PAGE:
David Bourget (Western Ontario)
David Chalmers (ANU, NYU)
Rafael De Clercq
Jack Alan Reynolds
Learn more about PhilPapers
The doctrine of the Mean owns an important academic position in ethics theories both in the Western and Eastern philosophical fields. To understand the doctrine of the Mean will benefit further study of virtuous ethical theories. Therefore, I choose this topic as an approach to studying Aristotelian and Confucian ethics theories. The methodology I have chosen is a comparative study. The literary sources are mainly from Aristotle’s Nicomachean Ethics and Zhongyong, which recorded Confucius’ theories of the Mean, and Confucius’ Lunyu as well. Firstly, I went through the text in Nicomachean Ethics and found out the logic of context, in order to understand Aristotle’s idea of the Mean. Secondly, I referenced and compared some scholars’ interpretations of the doctrine of the Mean, in order to get a fuller understanding. With this approach, I know that the Mean in Aristotle’s doctrine is moral virtue itself, which is a settled intermediate state of character, towards virtuous actions. With the same structure and method, I understand the doctrine of the Mean of Confucius. To Confucius, the Mean is Heavenly nature, being Zhong – He “Equilibrium - Harmony” and Cheng – Ming “Sincerity - Intelligence”. Confucius thinks that Heaven’s nature itself is the virtue of Heaven because it is innately good, so the doctrine of the Mean is a theory of virtue as well. To be virtuous, a man should become one with Heaven and Earth. A comparative methodology has two benefits. One benefit is that it works as a mirroring function. By mirroring each other, we can see various differences more clearly. For instance, at the end of this paper, one can see that the ways to becoming a virtuous person can vary. Aristotle, for example, argues for the neutral natures of men, while Confucius’ ethics theory is based on a claim of innate good natures of men. With acknowledging this difference, we can better understand their ethical theories. The other benefit is we can integrate with broader phenomenon to research, complete the methodology that we have used and open up approaches by a comparative way. Apparently, Aristotle and Confucius have come up with a similar theory utilizes different approaches and methodologies, and also they were focusing on different facts that existed in different eras and places. So, looking through their theories and then comparing them, we can find more sources to analyze along with double approaches and methods to understand the Mean, especially with these two typical theories in both West and East as the theories of Aristotle and Confucius’. In the end, to compare Aristotle and Confucius’ theories is aiming to find a true knowledge of humanity. Although there are some objections to the possibility of this comparison, like Alasdair MacIntyre who described it as “incommensurability” (1991), I believe that the truth can be found, no matter the methodologies, approaches and sources used.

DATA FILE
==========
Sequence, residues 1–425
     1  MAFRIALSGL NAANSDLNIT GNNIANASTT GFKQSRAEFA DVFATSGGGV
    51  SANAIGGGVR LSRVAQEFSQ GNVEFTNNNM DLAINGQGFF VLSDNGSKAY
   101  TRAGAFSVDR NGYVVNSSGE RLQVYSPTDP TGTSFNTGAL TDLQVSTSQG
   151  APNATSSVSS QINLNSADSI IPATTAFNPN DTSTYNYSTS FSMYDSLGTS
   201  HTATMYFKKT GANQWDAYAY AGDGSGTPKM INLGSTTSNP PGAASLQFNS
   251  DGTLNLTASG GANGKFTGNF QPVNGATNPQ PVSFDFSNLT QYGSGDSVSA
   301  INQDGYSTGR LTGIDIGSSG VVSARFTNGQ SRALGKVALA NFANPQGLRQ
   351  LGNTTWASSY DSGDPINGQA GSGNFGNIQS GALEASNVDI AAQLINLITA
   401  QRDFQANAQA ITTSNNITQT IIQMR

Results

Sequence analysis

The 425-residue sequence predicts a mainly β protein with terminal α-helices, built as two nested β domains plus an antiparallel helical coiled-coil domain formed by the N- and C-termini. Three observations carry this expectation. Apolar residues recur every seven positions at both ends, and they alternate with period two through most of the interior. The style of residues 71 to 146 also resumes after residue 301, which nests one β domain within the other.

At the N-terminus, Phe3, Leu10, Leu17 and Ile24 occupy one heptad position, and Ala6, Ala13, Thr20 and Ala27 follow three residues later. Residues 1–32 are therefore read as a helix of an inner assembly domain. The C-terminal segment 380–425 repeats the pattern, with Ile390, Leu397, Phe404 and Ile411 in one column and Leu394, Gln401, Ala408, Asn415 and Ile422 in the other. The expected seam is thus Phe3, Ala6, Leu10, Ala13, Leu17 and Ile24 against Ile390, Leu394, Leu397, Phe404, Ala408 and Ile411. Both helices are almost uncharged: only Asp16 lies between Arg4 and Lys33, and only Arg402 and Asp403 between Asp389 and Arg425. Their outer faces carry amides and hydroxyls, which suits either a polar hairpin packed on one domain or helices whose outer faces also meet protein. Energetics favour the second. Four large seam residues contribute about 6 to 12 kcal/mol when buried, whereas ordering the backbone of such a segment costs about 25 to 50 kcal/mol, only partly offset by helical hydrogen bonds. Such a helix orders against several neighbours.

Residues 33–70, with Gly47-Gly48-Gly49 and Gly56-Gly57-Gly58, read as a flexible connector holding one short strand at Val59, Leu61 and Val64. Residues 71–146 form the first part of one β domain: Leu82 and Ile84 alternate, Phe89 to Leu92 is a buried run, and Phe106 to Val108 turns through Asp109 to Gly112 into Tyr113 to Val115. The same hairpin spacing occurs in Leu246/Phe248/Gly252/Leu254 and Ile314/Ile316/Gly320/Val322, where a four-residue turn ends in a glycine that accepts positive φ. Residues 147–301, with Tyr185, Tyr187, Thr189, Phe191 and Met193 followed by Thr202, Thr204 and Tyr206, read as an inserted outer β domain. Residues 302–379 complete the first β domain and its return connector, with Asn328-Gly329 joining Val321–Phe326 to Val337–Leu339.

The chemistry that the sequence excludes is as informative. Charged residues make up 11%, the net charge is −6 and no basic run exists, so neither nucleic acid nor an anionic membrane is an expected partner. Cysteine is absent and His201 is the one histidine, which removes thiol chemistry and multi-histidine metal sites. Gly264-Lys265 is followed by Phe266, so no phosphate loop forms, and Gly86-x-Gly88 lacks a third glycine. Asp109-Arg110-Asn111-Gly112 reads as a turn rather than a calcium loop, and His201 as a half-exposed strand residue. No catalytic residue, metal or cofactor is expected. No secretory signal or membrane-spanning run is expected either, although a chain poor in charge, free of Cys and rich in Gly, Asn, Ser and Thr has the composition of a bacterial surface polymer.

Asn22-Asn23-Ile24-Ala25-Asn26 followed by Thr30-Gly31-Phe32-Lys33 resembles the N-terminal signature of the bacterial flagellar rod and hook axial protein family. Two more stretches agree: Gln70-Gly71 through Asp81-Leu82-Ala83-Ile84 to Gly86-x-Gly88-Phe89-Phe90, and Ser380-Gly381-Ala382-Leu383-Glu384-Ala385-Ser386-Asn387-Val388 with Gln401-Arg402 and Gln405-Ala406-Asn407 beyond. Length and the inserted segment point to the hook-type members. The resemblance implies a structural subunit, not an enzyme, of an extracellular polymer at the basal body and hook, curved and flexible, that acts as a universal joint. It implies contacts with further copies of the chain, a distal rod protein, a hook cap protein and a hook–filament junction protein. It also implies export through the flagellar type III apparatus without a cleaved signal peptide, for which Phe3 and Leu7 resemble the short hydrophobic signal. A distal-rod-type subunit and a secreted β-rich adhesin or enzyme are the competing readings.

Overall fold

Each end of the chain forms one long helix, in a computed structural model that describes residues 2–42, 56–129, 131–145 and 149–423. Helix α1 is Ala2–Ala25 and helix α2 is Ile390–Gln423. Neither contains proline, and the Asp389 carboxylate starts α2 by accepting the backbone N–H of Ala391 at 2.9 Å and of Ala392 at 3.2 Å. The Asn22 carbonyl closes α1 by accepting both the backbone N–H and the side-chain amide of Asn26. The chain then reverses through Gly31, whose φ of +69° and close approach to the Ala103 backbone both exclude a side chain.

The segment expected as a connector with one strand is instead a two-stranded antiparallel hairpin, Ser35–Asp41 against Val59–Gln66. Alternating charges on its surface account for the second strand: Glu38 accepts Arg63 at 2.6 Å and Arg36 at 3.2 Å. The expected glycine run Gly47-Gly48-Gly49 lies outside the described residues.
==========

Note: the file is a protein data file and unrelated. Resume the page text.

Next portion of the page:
|Keywords||No keywords specified (fix it)|
|Categories||categorize this paper)|
Setup an account with your affiliations in order to access resources via your University's proxy server
Configure custom proxy (use this if your affiliation does not provide a proxy)
|Through your library||
References found in this work BETA
No references found.
Citations of this work BETA
No citations found.
Similar books and articles
Jiyuan Yu (2005). The Beginning of Ethics: Confucius and Socrates. Asian Philosophy 15 (2):173 – 189.
Shirong Luo (2012). Setting the Record Straight: Confucius' Notion of Ren. [REVIEW] Dao: A Journal of Comparative Philosophy 11 (1):39-52.
May Sim (2011). Rethinking Virtue Ethics and Social Justice with Aristotle and Confucius. Asian Philosophy 20 (2):195-213.
Lai Chen (2010). Virtue Ethics and Confucian Ethics. Dao: A Journal of Comparative Philosophy 9 (3):275-287.
May Sim (2003). The Moral Self in Confucius and Aristotle. International Philosophical Quarterly 43 (4):439-462.
Peimin Ni (2009). How Far is Confucius an Aristotelian?: Comments on May Sim's Remastering Morals with Aristotle and Confucius. Dao: A Journal of Comparative Philosophy 8 (3):311-319.
Yuanguo He (2007). Confucius and Aristotle on Friendship: A Comparative Study. [REVIEW] Frontiers of Philosophy in China 2 (2):291-307.
Eric Mullis (2010). Confucius and Aristotle on the Goods of Friendship. Dao: A Journal of Comparative Philosophy 9 (4):391-405.
Jiyuan Yu (1998). Virtue: Confucius and Aristotle. Philosophy East and West 48 (2):323-347.
May Sim (2007). Remastering Morals with Aristotle and Confucius. Cambridge University Press.
Added to index2010-07-22
Total downloads9 ( #180,814 of 1,679,353 )
Recent downloads (6 months)1 ( #183,761 of 1,679,353 )
How can I increase my downloads?